The whir of sewing machines fills the air in Luci Daum’s workshops at the old Wilmarth School in Ashland, Wisconsin. They’re pumping out a variety of handsewn goods for Luci Daum Design, a company that emphasizes being both environmentally friendly and fun.
Growing up in the 70s, Luci learned how to sew starting at the wee age of three. Her mom made all the family’s clothes with a well-used Bernina sewing machine. When Luci showed an interest in the process, her mother taught her how everything worked. Since she was too young to read, Luci developed her own process for designing and constructing.
Entrepreneurship came into Luci’s life out of necessity. Her family struggled financially, and she felt motivated to help as best she could. Luci developed tiny hand-sewn ponies (affectionately dubbed AppaLucis) that were all quickly snapped up by Kay Sera, an upscale gift shop in Madison, Wisconsin. It was 1980. Luci was 8 years old.
That first sale yielded not only money to help the family, but also a bit leftover to buy more fabric. Which led to buying more fabric and designing more fun, quirky products. Luci quickly became a bona fide seamstress, sewing whenever she could and exploring idea after idea in fabric.
In 1990 Luci was making costumes at the Renaissance Fair in Shakopee, Minnesota, when a Northland College student approached her booth. Molly, the young woman, told Luci about a bunch of old school buildings in danger of being torn down if someone didn’t step in. Immediately after the fair ended, Luci convinced her family to make the trek up to Ashland. “This sparked a year-long process to save the Wilmarth School from certain demise,” Luci says. “Thanks to the efforts of a few key people, the building was given a new lease on life during its 100th year: 1991.”
Since then, Luci has slowly evolved and expanded her business to use the entire building. Her current crew is 15 people strong and she plans to grow her Team Awesome even more. “Pretty sure if I had 500 extra helpers,” she says, “I could still keep them busy with projects!”
The atmosphere at Luci Daum Design is light and laid back. Team members pick and choose from a laundry list of jobs each day. The team relies on a fleet of Juki sewing machines, but beginners start on a trusty Bernina, just like Luci did. Luci encourages people to focus on the tasks that bring the most joy and best utilize their personal skills. Still, everyone is encouraged to cross-train to keep growing and learning.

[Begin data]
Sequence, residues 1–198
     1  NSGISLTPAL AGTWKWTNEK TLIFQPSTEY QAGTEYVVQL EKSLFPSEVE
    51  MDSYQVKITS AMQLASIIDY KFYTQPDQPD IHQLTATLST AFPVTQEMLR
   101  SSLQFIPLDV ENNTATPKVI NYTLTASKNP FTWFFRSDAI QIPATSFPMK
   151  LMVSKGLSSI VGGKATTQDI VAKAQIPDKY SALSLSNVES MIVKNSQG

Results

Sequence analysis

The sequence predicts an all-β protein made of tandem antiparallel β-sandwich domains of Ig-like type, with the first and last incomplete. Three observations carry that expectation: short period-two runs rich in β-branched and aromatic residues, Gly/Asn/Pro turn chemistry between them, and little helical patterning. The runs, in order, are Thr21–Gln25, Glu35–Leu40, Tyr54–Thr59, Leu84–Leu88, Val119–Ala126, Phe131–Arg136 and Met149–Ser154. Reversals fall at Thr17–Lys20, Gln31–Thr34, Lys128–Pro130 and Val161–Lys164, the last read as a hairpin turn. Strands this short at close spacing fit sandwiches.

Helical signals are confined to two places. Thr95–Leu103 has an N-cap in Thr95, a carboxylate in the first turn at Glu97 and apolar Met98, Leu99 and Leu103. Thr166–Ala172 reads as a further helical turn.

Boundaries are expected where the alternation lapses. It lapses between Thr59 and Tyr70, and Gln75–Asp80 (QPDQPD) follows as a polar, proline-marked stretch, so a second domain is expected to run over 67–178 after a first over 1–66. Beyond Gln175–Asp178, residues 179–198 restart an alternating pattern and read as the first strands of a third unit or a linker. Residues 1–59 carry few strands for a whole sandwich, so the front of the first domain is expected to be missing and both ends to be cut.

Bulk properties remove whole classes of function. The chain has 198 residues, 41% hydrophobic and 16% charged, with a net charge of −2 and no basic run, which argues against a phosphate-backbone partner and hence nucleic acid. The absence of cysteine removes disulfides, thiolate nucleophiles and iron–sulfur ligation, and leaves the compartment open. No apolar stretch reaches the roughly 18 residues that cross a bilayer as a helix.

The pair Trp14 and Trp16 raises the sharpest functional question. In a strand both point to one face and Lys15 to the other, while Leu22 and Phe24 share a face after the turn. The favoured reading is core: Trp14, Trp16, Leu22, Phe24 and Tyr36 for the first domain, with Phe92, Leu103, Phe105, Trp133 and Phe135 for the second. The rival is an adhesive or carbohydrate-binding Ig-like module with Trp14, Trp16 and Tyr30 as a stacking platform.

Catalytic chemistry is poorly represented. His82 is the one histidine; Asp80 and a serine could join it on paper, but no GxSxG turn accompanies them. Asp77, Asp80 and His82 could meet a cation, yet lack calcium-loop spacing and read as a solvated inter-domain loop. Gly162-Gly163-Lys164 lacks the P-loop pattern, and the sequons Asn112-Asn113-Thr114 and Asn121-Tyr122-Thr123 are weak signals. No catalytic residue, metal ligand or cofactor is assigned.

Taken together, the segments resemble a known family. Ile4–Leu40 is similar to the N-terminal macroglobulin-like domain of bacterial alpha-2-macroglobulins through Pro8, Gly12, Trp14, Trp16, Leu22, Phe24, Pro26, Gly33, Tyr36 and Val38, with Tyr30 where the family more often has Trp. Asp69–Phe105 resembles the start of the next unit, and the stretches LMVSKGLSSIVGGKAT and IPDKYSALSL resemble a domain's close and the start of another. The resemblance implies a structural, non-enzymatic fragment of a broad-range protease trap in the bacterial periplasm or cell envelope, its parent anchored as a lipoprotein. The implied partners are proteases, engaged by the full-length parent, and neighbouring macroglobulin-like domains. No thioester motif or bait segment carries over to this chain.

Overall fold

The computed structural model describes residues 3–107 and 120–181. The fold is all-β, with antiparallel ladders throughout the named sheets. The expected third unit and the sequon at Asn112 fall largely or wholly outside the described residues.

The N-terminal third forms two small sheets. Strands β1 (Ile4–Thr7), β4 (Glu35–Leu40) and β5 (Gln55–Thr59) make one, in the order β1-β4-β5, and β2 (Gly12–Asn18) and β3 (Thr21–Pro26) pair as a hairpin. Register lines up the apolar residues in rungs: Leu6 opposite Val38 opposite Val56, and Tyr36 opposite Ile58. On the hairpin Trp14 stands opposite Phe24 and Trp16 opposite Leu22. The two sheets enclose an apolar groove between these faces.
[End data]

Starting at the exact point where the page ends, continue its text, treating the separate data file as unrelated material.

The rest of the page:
What does product creation look like? After the idea is fleshed out, the hands-on work begins. Luci explains, “There is a multi-step process for each product, but most start with the fabric. There’s cutting, ironing, stacking, drawing patterns, more cutting…even before the sewing starts! Then onto the organizing, layering, stitching, flipping, stitching again, snipping the final threads, and adding the finishing touches!”
Luci has designed and market-tested well over 100 products. They range from slouchy hats to practical pouches. Still, none have caught on nearly as well as Party in My Pants reusable cloth menstrual pads.
In the late 90s, Luci made her first cloth pads for herself and loved them. She began churning out samples to give to friends and family. “My hope was that other people might experience the same revelation and comfort from reusable cloth pads,” she explains. Fortunately for Luci, everyone loved them. Eventually they collectively convinced her to sell them in stores.
Production keeps the team busy, with an estimated 60,000 individual pieces completed each year. But that’s just the beginning. After products are finished and inventoried, they get sorted between online retail, wholesale accounts, and a free pad sample program called “Cloth Pad Curious.” Luci estimates that they have gifted over 200,000 pads to people all over the world.
Luci and her business have weathered some tricky times over the years. Each time, she and the company have bounced back, stronger than ever. Now, with a solid foundation and creative vision, she plans to keep growing and expanding.
The designer sees sharing her dreams as her life’s purpose. “Designing and creating products became a type of meditation, and my need for contribution spread further into the world, becoming a way of life,” she explains. “We vote every day, in every way; with each purchase and each decision, and how we choose to communicate. We have much more power than we sometimes realize!”